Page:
Managing Post-Operative Pain

At the Leone Center for Orthopedic Care, we have found that post-operative pain is one of the most prevalent anxieties that patients have prior to undergoing hip or knee replacement surgery.  Allaying that concern, by outlining what to expect and how pain will be managed, is a major focus of the pre-operative education that is provided one-on-one by me, by my staff and during patient seminars at Holy Cross Hospital.  These pre-operative educational forums provide an opportunity for patients to learn as well as ask questions.

In my experience, I have found that patients who go into surgery with a better understanding of what will happen and what to expect not only have less anxiety, but less post-operative pain.

As part of the Leone Center surgical protocol, we have a two-pronged philosophy for post-operative pain management:

  1. Stay ahead of the pain curve.  It is preferable and easier to prevent pain than to play “catch-up” by trying to decrease pain after it occurs.
  2. Pain is more effectively managed with a multi-modal approach that includes everything from the type of anesthesia used during surgery to the pain medication and physical therapy given after surgery.

Your surgeon should outline the pain-management protocol for you prior to the procedure.  Here is a general outline of the post-operative pain management regimen we use at the Leone Center for Orthopedic Care:

  • Medication administered the morning prior to surgery includes:
    • Intravenous Therapy (IV) of Tylenol to make patients less sensitive to and decrease the amount of pain
    • Another IV medicine to make patients drowsy, which helps to decrease anxiety
    • Oral medications including a long-acting narcotic to dull pain receptors before pain sets in, as well as medication to prevent nausea following surgery.
    • IV antibiotics before (and after) surgery to lower the risk of infection
  • Generally my patients have regional or spinal anesthesia. This is a discussion you will have and a decision you will make with your surgeon and anesthesiologist. There are several advantages to regional anesthesia, including:
    • Patients tend to require fewer drugs for pain.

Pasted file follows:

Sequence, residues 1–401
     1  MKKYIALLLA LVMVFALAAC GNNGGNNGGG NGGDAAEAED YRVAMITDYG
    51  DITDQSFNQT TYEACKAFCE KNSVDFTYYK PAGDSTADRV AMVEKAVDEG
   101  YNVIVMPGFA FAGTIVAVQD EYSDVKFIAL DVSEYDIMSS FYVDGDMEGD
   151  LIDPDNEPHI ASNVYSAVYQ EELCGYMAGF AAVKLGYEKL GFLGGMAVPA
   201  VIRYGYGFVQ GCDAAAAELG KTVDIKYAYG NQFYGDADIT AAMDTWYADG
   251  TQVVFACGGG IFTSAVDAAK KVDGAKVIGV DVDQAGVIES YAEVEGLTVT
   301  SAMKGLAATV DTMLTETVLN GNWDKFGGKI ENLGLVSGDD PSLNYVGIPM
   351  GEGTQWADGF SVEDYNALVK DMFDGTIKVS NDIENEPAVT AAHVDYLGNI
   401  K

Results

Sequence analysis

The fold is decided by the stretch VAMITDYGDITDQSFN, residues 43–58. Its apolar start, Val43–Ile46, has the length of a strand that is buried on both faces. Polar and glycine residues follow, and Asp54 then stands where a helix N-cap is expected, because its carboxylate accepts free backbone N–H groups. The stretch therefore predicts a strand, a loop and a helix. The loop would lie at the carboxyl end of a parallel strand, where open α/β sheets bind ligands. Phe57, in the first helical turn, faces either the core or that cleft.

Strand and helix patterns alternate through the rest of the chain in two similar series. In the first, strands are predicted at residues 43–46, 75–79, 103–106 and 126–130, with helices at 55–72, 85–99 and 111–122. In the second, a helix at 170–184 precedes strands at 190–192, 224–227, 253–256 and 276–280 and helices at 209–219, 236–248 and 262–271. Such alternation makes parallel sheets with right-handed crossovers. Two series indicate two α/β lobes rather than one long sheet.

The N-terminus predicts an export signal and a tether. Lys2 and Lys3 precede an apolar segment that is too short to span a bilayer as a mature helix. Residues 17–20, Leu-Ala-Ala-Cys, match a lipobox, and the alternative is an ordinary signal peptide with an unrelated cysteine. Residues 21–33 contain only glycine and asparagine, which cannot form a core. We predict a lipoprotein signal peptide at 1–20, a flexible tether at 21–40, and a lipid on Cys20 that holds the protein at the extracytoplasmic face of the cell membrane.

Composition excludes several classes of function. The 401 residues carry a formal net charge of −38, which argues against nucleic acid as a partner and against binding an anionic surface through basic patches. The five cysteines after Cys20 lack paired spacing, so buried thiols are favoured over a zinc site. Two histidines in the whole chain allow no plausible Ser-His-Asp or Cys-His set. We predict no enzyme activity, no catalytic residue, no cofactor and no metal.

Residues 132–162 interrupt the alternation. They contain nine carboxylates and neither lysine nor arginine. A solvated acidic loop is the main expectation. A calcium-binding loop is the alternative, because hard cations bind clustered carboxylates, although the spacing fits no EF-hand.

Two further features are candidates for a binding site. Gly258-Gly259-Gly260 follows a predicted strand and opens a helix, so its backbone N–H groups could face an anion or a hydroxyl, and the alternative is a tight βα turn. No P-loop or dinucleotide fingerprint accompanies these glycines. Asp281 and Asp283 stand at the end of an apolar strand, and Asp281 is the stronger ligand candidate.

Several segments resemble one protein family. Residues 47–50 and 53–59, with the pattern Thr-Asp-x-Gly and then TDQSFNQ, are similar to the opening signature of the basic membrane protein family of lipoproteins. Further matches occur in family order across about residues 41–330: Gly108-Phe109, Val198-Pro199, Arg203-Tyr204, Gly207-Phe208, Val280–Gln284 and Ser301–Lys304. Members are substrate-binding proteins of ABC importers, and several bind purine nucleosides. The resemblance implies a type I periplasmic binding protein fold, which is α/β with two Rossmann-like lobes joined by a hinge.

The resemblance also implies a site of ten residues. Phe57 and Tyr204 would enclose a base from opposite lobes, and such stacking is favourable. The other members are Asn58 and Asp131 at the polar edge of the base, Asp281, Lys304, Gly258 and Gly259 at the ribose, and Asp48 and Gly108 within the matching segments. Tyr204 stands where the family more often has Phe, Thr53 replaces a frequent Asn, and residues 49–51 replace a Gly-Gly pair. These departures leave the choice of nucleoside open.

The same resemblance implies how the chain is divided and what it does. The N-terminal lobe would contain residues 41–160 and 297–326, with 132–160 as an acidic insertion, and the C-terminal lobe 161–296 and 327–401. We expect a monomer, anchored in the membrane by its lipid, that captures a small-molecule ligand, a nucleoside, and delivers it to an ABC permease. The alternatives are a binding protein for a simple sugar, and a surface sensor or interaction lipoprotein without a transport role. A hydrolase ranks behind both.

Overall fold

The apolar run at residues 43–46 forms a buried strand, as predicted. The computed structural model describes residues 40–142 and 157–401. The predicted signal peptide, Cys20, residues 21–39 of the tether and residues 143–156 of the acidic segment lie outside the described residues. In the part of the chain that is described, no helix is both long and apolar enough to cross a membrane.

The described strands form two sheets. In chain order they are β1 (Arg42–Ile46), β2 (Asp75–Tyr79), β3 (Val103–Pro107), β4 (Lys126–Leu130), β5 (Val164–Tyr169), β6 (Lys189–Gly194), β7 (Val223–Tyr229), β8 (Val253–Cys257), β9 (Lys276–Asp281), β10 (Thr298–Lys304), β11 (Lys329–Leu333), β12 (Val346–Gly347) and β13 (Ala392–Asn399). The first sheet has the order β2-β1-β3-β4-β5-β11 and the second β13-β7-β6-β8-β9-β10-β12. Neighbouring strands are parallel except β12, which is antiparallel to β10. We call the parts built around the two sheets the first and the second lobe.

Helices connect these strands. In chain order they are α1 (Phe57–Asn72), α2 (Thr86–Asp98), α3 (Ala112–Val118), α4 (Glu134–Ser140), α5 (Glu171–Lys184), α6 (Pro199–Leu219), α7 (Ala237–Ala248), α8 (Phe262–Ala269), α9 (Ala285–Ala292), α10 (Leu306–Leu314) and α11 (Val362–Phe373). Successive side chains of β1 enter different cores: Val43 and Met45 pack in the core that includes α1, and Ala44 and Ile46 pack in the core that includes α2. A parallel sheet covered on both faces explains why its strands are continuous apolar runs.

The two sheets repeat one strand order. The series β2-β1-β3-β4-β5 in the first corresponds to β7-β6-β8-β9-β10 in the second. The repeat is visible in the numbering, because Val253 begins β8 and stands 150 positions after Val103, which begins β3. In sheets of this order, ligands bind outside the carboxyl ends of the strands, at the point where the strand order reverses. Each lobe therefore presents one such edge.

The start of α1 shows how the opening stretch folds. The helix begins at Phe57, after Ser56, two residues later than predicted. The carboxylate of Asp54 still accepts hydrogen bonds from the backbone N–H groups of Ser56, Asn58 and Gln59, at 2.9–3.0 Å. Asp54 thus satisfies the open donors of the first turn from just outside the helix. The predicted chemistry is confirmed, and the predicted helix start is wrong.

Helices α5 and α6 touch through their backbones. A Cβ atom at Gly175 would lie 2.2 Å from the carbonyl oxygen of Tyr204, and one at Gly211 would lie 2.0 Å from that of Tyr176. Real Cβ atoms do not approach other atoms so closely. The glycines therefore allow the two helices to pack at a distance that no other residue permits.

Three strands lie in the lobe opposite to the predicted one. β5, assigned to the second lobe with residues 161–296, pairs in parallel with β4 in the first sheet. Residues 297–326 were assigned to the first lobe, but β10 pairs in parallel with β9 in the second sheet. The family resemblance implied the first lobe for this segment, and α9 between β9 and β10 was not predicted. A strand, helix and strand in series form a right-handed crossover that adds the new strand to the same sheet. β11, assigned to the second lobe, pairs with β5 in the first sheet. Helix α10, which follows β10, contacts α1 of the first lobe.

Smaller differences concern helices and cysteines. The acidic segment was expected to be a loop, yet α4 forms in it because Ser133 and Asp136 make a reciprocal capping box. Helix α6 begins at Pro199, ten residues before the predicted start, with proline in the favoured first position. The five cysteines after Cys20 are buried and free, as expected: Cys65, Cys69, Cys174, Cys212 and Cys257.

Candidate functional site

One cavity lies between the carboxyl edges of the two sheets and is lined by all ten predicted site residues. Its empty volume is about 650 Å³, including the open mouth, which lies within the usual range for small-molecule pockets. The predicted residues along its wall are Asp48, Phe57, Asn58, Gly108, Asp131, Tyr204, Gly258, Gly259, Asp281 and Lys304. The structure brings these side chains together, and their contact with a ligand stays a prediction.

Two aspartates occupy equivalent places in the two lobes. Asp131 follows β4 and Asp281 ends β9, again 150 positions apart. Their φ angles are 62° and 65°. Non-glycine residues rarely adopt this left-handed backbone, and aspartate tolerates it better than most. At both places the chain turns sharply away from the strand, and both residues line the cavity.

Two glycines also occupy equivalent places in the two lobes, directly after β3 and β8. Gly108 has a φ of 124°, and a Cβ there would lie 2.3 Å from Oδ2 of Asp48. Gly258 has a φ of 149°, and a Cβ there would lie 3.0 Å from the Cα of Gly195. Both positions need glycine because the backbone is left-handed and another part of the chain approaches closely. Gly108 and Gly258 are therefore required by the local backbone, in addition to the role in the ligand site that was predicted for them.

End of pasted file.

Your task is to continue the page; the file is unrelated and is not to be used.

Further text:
• Most report waking up more gradually and with a lot less nausea.
    • Most have no recollection of receiving the anesthetic.
    • Because patients are not intubated during surgery to control breathing, they do not have a sore throat after surgery.
    • Many patients lose less blood when surgery is performed with spinal anesthesia, decreasing the probability of a blood transfusion.
  • In the recovery room, my patients receive an IV NSAD. This is a super version of aspirin called Toradol.  It works to decrease pain via an alternate “pathway” and has proven to be remarkably effective. I do prescribe narcotic injections as a backup, but find that they are used with much less frequency because patients are more comfortable. If possible, I prefer that patients avoid using narcotics because they tend to cause nausea and occasionally confusion.
  • During both hip and knee replacement surgery: after I have placed the implant but prior to closing the surrounding tissue, I locally inject into the tissues a long-acting local analgesic combined with a narcotic (much as a dentist would inject into your mouth, however the anesthetic is much longer-lasting).  This greatly decreases pain for the first 18 to 24 hours after surgery and further decreases the need for IV narcotics.
  • During total or partial knee replacement surgery: the anesthesiologist also will inject a special local anesthetic which bathes the femoral nerve. This nerve is responsible for approximately 70 percent of the sensation to the knee.  This is a very effective way to minimize pain and is administered after the procedure but while the patient still is asleep in the operating room.
  • Also, for those patients having a total knee replacement: after the femoral nerve in the knee is bathed, the anesthesiologist will insert a very tiny catheter (about the diameter of the lead in a #2 pencil), which is attached to a battery-driven pump. The pump will continue to deliver a local anesthetic for two or three days post-surgery.
  • The morning after surgery, patients have breakfast and are given a schedule for two therapy sessions.  About 30 to 45 minutes prior to therapy, one to two pain pills (typically Tylenol with a narcotic) will be administered.
  • Patients are discharged from the hospital when they’re able to get out of bed by themselves, walk unaided to the bathroom and feel confident and comfortable. Typically, patients go home on the second or third day after surgery. Arrangements are made for patients to have pain medication available to them at home.  Many of my patients have told me that they felt more confident just having the pain medication on hand, even if they didn’t have to use it.

At the Leone Center and at Holy Cross Hospital, we are very sensitive to preventing and managing our patients’ pain. How each individual feels and reacts to pain can differ greatly.  Some people are very receptive to pain medications, while others are resistant. We tailor the pain regimen to each patient and make adjustments as needed, by monitoring closely and communicating with patients after surgery.

By managing pain, we facilitate physical therapy and all of the other post-operative practices that help our patients achieve the best range of motion and return to a full and active lifestyle.